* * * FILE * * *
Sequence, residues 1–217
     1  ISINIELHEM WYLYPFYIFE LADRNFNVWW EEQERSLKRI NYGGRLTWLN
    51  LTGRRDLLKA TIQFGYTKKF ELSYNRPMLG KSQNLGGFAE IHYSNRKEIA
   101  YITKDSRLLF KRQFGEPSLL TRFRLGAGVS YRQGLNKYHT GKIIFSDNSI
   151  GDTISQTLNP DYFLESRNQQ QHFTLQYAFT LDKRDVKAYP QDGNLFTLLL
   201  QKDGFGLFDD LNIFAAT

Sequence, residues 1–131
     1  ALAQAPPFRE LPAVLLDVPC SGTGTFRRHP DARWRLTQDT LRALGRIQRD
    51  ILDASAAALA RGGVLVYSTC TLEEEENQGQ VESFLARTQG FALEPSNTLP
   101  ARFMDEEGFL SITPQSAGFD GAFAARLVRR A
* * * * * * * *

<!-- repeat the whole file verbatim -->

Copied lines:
Sequence, residues 1–217
     1  ISINIELHEM WYLYPFYIFE LADRNFNVWW EEQERSLKRI NYGGRLTWLN
    51  LTGRRDLLKA TIQFGYTKKF ELSYNRPMLG KSQNLGGFAE IHYSNRKEIA
   101  YITKDSRLLF KRQFGEPSLL TRFRLGAGVS YRQGLNKYHT GKIIFSDNSI
   151  GDTISQTLNP DYFLESRNQQ QHFTLQYAFT LDKRDVKAYP QDGNLFTLLL
   201  QKDGFGLFDD LNIFAAT

Sequence, residues 1–131
     1  ALAQAPPFRE LPAVLLDVPC SGTGTFRRHP DARWRLTQDT LRALGRIQRD
    51  ILDASAAALA RGGVLVYSTC TLEEEENQGQ VESFLARTQG FALEPSNTLP
   101  ARFMDEEGFL SITPQSAGFD GAFAARLVRR A